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Are blockchain transactions traceable?
Are blockchain transactions traceable?
Blockchain

Are blockchain transactions traceable?

By Adrian Zmudzinski - 21 Oct 2018

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Contrary to the popular belief Bitcoin and most other cryptocurrencies aren’t anonymous. Quite the opposite. 2

Sure, Ethereum or BTC addresses — unlike bank accounts — are non-nominal. This feature means that the addresses aren’t immediately attributable to a specific person.

Moreover — unlike wire transfers — every transaction on most blockchains (other than privacy coins like Monero or Zcash) is entirely public. Anyone can use a block explorer and look into the whole transaction history of currencies like Bitcoin, Litecoin, Ethereum and many more.

So once that the identity of the owner of one address has been uncovered the entire history of his transactions is completely clear. While many may be tempted to think that such things don’t happen, it is hard to be more wrong.

The US government is reportedly spending millions on blockchain analytics, and the biggest spender is IRS. Blockchains are p2p networks so when you transact your IP address is publicly revealed, and the address can be identified based off that.

Many projects want to help anonymize Bitcoin or other networks and even old techniques like mixers are used. Still, as of right now they as far as something can get from being anonymous.

Exceptions exist

Some cryptocurrencies are anonymous or at least try to be. The most famous ones are Monero and Zcash.

Monero (XMR), which is the tenth cryptocurrency by market cap, uses a peculiar algorithm to ensure that it is not possible to determine who is sending cryptocurrency to who. A feature called “stealth addresses” even lets users receive XMR without revealing their actual wallet address to the sender.

Monero recently adopted so-called bulletproofs. This feature further improves privacy helping conceal the amount that users send in their transactions but also enhanced the protocol vastly in many other ways according to the Monero blog:

“With our current range proofs, the transaction is around 13.2 kB in size. If I used single-output bulletproofs, the transaction reduces in size to only around 2.5 kB! This is, approximately, an 80% reduction in transaction size, which then translates to an 80% reduction in fees as well.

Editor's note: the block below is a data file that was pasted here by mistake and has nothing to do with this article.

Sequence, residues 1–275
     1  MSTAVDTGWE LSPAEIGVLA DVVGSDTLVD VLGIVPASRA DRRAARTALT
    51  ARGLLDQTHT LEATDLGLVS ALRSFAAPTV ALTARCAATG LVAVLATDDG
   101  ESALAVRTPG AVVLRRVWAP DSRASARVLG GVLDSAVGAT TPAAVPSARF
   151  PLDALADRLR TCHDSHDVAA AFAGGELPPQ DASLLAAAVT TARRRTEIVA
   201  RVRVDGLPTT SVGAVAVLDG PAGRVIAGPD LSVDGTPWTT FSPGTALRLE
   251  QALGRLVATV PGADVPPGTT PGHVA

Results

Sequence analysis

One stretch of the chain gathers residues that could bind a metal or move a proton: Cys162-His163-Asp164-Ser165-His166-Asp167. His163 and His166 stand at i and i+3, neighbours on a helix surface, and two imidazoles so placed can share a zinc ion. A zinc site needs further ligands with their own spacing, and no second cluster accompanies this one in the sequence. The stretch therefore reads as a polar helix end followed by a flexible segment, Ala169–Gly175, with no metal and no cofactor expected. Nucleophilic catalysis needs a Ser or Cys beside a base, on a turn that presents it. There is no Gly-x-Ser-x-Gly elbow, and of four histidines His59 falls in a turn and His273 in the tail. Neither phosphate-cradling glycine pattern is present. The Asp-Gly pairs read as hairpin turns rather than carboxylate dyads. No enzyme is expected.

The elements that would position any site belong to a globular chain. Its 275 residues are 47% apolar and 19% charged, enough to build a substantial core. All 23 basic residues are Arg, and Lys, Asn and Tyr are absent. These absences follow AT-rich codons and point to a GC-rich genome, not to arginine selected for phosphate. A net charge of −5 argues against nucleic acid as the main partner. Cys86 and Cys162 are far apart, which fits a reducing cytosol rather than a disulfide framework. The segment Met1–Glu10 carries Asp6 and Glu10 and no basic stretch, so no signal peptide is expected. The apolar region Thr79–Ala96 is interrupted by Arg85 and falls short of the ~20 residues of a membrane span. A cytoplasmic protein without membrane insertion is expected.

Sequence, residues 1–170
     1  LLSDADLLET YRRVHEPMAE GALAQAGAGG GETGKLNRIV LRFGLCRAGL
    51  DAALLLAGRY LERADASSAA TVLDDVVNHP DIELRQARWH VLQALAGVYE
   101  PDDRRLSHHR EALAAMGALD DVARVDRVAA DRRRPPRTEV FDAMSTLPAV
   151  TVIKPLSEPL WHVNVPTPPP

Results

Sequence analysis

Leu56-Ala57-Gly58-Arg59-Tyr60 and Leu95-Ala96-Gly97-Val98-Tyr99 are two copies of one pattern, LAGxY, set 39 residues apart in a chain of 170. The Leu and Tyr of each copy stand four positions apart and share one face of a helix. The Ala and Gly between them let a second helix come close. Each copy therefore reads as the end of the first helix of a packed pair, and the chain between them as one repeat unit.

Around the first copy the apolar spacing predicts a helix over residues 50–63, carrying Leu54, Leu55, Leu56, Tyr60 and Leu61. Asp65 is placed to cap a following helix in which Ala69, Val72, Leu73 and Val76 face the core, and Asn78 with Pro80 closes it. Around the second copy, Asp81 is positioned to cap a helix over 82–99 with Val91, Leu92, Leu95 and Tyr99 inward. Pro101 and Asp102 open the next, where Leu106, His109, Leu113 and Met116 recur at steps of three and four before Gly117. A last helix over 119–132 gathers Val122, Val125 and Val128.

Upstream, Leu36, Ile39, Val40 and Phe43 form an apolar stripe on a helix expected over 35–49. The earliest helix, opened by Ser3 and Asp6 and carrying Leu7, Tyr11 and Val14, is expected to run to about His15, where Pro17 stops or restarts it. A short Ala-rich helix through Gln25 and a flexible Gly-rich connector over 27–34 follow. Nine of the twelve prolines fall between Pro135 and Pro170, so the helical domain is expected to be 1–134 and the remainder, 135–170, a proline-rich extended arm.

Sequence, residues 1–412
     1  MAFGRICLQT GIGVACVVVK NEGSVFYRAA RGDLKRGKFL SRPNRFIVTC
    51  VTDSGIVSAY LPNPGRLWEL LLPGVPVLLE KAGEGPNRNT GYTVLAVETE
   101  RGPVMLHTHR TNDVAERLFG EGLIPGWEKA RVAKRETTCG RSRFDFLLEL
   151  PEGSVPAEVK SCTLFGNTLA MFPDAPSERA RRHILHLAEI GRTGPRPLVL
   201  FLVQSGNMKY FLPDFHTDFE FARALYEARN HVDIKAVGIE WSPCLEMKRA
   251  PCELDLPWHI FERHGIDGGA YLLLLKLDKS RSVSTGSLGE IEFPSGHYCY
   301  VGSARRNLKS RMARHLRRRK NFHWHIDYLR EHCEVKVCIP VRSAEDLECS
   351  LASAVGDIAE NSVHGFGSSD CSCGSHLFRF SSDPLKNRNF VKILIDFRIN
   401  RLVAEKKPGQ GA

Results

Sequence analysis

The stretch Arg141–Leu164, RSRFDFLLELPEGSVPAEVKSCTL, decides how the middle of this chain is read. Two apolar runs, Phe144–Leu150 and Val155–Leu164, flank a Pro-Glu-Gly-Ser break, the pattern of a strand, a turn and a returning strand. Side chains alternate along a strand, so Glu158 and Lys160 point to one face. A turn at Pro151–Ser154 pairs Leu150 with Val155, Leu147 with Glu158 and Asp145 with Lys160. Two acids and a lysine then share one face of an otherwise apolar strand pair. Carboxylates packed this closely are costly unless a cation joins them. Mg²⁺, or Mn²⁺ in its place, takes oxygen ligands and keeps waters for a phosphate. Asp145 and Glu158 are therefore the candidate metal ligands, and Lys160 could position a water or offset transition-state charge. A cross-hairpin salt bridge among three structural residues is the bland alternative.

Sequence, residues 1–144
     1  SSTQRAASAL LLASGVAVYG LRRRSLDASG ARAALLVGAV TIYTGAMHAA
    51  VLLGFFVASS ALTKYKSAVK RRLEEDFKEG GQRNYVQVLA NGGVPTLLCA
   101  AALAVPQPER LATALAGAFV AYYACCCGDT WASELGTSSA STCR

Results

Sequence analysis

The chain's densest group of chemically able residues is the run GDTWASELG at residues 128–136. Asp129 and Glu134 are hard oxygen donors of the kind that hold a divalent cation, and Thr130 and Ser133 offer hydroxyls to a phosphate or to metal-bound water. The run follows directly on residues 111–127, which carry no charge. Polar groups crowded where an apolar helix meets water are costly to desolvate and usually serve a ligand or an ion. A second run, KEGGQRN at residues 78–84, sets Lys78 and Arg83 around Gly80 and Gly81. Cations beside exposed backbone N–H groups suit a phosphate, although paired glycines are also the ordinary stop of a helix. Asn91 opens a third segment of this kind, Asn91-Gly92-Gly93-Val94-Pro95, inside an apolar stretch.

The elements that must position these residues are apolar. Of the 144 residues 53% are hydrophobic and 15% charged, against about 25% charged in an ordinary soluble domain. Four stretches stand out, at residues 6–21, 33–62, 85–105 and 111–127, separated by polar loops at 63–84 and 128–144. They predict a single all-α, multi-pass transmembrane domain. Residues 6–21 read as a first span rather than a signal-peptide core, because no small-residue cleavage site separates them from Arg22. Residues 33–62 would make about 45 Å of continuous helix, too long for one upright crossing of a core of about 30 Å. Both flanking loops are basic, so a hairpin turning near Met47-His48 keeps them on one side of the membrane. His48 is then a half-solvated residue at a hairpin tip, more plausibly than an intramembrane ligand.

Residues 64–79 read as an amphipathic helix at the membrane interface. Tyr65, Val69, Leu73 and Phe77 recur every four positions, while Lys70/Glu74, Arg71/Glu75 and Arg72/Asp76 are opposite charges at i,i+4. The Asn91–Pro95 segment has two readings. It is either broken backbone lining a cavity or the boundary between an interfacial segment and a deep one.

he space savings are even better with multiple-output proofs. This represents a significant decrease in transaction sizes. Further, our initial testing shows that the time to verify a bulletproof is lower than for the existing range proofs, meaning speedier blockchain validation.”

Zcash (ZEC) is the second major privacy-centric cryptocurrency and is the twentieth cryptocurrency by market cap. This blockchain famously implements zk-snarks and fans of the protocol claim that it is more secure from a privacy standpoint than Monero.

Zk-snarks are zero-knowledge proofs that let nodes confirm transactions without actually ever having access to the content of the transactions themselves.

The anonymity of cryptocurrencies is often deemed important because it ensures fungibility. Since many BTCs or ETHs can be “tainted” by the illicit activity, they could be blacklisted and not accepted. Tracking of those funds happens, and they could become funds that cannot be used since many may decide not to accept them.

Adrian Zmudzinski
Adrian Zmudzinski

Adrian is passionate about technology and Information Technology (IT). Adrian specialized in the analysis of tokens, the blockchain technology, and cryptocurrencies. His interest in Bitcoin dates back to 2009 and it rapidly transformed into a more general interest of the still arising cryptocurrency industry. His analyses are concerned mostly by the technological potential underlying the analyzed token.

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